Okay, so a friend of mine sent me this on YouTube: http://www.youtube.com/wa tch?v=FlcfB9ZPmJw&feature =related.
Upon seeing it, my desire to play the piano again was somewhat reignited, but I do not have a piano in my apartment, and the virtual one, while a novelty, can get frustrating with its lack of black keys and inability to play chords severely limiting the pieces that can be played on it.
So I decided I'd try to look for a virtual keyboard that at least allowed for accidentals and chords as well, and voila! I actually found one!
But what to play on it? Even with the full chromatic scale and the ability to hit more than one note at a time, one and a half octaves is still not a lot to work with.
Aerosmith's "Dream On" seemed promising (not to mention I was doing much better than on this song), until that long running scale that frickin' hits the B below the C.
Europe's "Final Countdown," Journey's "Open Arms", and Nazareth's "Where are You Now" were also no-gos.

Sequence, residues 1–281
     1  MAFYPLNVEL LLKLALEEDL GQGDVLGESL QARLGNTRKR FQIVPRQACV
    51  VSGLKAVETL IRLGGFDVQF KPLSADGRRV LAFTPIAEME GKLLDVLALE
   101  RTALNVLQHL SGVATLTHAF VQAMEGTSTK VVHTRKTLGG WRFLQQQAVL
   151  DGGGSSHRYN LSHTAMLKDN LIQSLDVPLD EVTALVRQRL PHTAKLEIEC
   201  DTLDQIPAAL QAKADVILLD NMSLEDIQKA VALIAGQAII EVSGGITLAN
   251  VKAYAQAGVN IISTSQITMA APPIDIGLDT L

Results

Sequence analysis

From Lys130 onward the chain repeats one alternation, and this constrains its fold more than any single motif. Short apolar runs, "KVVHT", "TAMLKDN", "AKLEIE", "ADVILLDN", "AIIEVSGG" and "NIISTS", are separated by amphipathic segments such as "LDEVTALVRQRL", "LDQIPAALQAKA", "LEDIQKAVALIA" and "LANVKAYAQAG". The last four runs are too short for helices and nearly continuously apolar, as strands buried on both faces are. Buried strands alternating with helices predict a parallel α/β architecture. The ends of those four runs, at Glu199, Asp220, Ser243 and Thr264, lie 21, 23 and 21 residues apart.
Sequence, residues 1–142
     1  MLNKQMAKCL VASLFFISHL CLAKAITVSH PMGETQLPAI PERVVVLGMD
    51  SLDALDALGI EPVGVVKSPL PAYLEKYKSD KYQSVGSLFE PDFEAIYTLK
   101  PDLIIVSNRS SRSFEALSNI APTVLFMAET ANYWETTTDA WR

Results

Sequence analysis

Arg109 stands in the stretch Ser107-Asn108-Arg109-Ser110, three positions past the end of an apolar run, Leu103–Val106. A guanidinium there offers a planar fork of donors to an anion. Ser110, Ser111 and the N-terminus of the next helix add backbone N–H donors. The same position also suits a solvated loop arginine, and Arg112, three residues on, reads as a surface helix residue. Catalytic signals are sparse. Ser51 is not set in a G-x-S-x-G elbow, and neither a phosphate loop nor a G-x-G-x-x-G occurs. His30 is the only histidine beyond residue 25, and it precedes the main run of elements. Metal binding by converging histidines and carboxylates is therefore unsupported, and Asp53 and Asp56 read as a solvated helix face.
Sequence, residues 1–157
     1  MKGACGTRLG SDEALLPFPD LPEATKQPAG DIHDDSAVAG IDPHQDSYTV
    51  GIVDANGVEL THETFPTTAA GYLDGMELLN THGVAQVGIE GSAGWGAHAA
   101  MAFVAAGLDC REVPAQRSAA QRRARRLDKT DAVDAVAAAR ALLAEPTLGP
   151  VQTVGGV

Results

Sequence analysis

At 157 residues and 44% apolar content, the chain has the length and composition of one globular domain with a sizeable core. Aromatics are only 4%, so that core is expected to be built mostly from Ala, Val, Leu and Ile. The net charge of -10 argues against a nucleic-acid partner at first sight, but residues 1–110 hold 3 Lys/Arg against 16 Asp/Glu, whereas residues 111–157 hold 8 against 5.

Then I decided to retreat into one of my favorite songs of all time, Heart's "Alone".
And I found that I could render an acceptable version, albeit without any lower register.
So here is the result of one of my many attempts.
No scores or tutorials used. Played totally by ear.
It's terrible: too slow, inconsistent tempo and even some of the notes are probably wrong.
But it's the first straight run I've had with this piece without me stopping in the middle, swearing loudly and kicking the shit out of my desk.
I'll probably do another, much better version of this.
And will probably have to buy a new desk after having kicked this into splinters. Ah well.
... Maybe I should just buy a USB MIDI keyboard.
Must have done at least a hundred takes and dropped at least ten times as many f-bombs in the process. Didn't help that PC kept on lagging and crashing.
Recorded through computer soundcard using Audacity.
Virtual keyboard can be found here: http://www.bgfl.org/bgfl/
custom/resources_ftp/clie nt_ftp/ks2/music/piano/in dex.htm
Song was of course composed by Billy Steinberg and Tom Kelly, and first made popular by Heart.